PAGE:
Verses 50-56. - The entombment. The sequence of events which immediately followed the death of Christ appears to have been as follows. Our Lord expired apparently soon after 3 p.m. The "even" alluded to by St. Matthew and St. Mark began at 3 p.m. and lasted till sunset, about 6 p.m., when the sabbath commenced. Some time, then, between 3 p.m. and 6 p.m. Joseph of Arima-thaea went to Pilate to ask for the body of Jesus. The governor was surprised, not at the request, but at hearing that Jesus was dead already (Mark 15:44), and, to assure himself of the fact, sent to inquire of the centurion on duty at the crosses. Some. where about the same time, probably a little later in the "evening," but still before 6 p.m., the Jews, i.e. the Sanhedrin leaders, came to Pilate with a request that the death of the three crucified might be hastened by their legs being broken, in order that their bodies hanging on the crosses might not pollute the very sacred day which followed. (It would be the sabbath, and the day of the Passover.) This terrible, but perhaps merciful, end to the tortures of the cross seems not to have been uncommon in Jewish crucifixion inflicted by the Roman authority. Crucifixion with this and all its attendant hinters was abolished by the first Christian emperor Constantine in the fourth century. The two thieves apparently expired under this treatment. The soldiers, however, when they looked on the form hanging on the central cross, found the Crucified, as we know, dead already. To make sure of this, one of the executioners thrust his spear deeply into the side of the motionless body of Jesus, "and forthwith came there out blood and water" (John 19:33, 35). Upon this, in accordance with the permission of the governor already obtained, the body of the Lord was delivered to Joseph of Arimathaea and his friends. Verses 50, 51. - And, behold, there was a man named Joseph, a counsellor; and he was a good man, and a just: (the same had not consented to the counsel and deed of them; ) he was of Arimathaea. This Joseph was a member of the Sanhedrin, a personage of high distinction in Jerusalem, and evidently of great wealth. It is especially mentioned that his vote in the supreme council was not given when the death of Jesus was determined on. Nicodemus and his costly offering of spices for the entombment is only mentioned by St. John (John 19:39). Arimathaea, the place whence this Joseph came, is famous in Jewish history, being identical with Ramathaim Zophim, the "Ramah of the watchers," the native town of Samuel. Each evangelist speaks of Joseph in high terms, and each in his own way. "Luke styles him 'a counsellor, good and just;' he is the καλὸς κὰγαθός, the Greek ideal. Marl; calls him 'an honourable counsellor,' the Roman ideal. Matthew writes of him as 'a rich man:' is not this the Jewish ideal?" (Godet). And St. John, we might add, chooses another title for this loved man, "being a disciple of Jesus:" this was St. John's ideal. In Joseph of Arimathaea and Nicodemus we have specimens of a class of earnest and devout Jews, perhaps not uncommon at that time - men who respected and admired our Lord as a Teacher, and half believed in him as the Messiah (the Christ), arid yet from many mixed and various motives shrank from confessing him before men till after the cross had been endured. It was not only the Resurrection which so enormously increased the number and raised the character of the followers of Jesus. When he was gone, men reflected on the inimitable life, on the deep, heart-searching teaching, on the confirmatory works of power; and when the news of the Resurrection came, the little wavering, half-hearted band of follower's and hearers became in a few months a great host, and in a few years they had spread over the then civilized world. There is a strange but interesting tradition which tells how this Joseph of Arimathaea came to Great Britain about A.D. , and settled in Glastonbury, and there erected a humble Christian oratory, the first in England. The miraculous thorn of Glastonbury, long supposed to bud and blossom every Christmas Day, was reported to have sprung from the staff which Joseph stuck in the groined as he stopped to rest himself on the hill-top.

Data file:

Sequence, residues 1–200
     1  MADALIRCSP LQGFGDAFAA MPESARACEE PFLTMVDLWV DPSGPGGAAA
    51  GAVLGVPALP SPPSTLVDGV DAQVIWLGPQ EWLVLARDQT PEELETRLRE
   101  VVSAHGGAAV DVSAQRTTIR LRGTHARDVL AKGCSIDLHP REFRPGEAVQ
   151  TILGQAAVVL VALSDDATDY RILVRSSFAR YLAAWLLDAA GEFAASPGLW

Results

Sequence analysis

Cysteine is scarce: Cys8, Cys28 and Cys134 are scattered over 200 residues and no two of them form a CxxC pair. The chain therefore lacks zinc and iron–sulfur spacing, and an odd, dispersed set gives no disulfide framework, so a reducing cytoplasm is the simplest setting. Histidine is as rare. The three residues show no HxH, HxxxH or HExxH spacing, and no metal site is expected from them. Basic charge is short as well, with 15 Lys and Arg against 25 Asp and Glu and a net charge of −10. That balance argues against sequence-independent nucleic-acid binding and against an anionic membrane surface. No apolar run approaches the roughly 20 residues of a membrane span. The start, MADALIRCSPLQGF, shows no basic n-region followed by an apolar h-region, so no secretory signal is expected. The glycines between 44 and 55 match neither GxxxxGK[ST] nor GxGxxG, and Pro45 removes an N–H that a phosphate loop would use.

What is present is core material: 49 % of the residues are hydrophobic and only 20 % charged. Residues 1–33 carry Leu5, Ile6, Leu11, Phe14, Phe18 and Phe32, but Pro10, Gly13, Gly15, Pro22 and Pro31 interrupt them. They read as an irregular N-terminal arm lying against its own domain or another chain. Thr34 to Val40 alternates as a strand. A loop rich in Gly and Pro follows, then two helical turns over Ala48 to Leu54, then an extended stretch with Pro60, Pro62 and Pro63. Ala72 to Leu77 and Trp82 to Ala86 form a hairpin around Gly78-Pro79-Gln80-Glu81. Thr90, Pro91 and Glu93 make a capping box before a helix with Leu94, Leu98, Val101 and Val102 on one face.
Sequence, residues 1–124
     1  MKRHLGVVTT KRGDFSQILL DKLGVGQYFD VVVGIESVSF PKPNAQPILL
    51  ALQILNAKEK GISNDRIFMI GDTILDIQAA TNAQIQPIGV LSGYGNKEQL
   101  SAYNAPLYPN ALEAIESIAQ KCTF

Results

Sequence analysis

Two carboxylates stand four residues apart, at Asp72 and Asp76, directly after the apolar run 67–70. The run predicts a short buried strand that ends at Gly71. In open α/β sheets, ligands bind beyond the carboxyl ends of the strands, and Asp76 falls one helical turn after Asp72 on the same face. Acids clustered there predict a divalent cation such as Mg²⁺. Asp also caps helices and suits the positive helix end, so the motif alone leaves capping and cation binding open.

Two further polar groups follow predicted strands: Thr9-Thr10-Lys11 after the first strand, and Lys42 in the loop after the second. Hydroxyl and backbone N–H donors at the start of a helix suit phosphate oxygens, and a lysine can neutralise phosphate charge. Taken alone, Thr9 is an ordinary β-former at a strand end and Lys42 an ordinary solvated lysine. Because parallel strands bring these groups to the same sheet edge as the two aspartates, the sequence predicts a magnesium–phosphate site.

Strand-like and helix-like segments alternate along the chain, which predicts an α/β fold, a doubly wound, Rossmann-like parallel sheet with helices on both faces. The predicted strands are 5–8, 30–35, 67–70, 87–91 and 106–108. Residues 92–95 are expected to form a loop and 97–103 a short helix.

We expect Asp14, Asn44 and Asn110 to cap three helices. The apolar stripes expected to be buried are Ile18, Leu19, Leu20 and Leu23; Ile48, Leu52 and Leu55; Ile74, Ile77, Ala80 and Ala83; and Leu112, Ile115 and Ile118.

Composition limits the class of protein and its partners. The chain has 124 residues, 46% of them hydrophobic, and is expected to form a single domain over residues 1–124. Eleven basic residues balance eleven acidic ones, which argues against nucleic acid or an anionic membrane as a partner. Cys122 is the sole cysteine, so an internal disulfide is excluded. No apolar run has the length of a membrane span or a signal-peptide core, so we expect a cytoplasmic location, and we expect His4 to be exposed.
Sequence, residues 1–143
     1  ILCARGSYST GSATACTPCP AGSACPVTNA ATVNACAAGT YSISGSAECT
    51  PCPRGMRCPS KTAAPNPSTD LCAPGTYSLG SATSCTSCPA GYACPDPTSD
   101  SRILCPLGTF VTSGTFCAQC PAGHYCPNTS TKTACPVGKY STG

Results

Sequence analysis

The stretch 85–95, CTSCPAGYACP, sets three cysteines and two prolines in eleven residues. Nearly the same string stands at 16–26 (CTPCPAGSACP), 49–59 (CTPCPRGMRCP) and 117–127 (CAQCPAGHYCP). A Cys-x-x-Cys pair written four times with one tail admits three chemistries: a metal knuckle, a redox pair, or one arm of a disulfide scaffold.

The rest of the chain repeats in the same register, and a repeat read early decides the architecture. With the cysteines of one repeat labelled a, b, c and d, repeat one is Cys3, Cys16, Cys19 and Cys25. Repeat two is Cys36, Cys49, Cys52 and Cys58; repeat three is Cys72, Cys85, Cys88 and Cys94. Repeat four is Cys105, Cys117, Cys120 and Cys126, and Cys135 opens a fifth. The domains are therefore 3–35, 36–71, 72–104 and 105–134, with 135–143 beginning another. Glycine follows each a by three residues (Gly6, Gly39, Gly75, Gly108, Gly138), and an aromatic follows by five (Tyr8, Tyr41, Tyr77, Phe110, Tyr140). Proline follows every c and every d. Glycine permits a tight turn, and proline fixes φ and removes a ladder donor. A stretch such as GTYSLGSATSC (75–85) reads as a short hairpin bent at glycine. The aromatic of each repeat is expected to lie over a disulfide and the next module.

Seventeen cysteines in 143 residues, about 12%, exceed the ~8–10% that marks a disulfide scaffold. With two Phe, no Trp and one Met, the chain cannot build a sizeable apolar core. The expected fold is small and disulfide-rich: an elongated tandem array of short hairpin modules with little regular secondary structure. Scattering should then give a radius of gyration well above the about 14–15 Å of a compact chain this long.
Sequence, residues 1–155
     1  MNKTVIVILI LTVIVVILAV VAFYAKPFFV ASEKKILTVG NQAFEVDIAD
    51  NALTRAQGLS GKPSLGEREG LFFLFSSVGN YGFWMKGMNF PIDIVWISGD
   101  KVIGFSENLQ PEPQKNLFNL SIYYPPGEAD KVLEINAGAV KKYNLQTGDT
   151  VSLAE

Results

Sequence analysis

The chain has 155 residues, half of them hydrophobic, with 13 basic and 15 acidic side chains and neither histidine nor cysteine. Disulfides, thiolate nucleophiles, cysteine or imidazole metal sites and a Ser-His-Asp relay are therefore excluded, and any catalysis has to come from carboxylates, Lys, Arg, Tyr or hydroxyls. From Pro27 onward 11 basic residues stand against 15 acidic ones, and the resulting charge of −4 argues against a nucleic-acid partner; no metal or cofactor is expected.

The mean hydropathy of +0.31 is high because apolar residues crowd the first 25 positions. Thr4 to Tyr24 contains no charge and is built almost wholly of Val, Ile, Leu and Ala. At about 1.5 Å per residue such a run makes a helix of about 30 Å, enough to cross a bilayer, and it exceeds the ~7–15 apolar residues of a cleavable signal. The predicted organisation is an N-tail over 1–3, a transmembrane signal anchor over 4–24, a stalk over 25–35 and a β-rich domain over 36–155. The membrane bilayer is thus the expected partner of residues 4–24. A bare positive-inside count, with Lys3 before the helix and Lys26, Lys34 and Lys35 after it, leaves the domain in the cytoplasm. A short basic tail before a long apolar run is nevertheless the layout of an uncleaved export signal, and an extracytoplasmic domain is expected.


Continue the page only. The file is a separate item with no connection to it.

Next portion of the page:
Gill's Exposition of the Entire Bible